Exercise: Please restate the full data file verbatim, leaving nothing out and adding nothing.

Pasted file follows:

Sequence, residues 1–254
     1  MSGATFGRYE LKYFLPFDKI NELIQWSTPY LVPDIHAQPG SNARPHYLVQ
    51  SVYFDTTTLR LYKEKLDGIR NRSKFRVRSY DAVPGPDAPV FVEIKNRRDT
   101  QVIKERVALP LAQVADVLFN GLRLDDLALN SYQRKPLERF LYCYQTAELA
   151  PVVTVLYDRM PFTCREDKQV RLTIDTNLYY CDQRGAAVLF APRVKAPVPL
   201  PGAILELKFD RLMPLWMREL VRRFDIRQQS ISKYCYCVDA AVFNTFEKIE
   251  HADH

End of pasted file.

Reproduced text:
Sequence, residues 1–254
     1  MSGATFGRYE LKYFLPFDKI NELIQWSTPY LVPDIHAQPG SNARPHYLVQ
    51  SVYFDTTTLR LYKEKLDGIR NRSKFRVRSY DAVPGPDAPV FVEIKNRRDT
   101  QVIKERVALP LAQVADVLFN GLRLDDLALN SYQRKPLERF LYCYQTAELA
   151  PVVTVLYDRM PFTCREDKQV RLTIDTNLYY CDQRGAAVLF APRVKAPVPL
   201  PGAILELKFD RLMPLWMREL VRRFDIRQQS ISKYCYCVDA AVFNTFEKIE
   251  HADH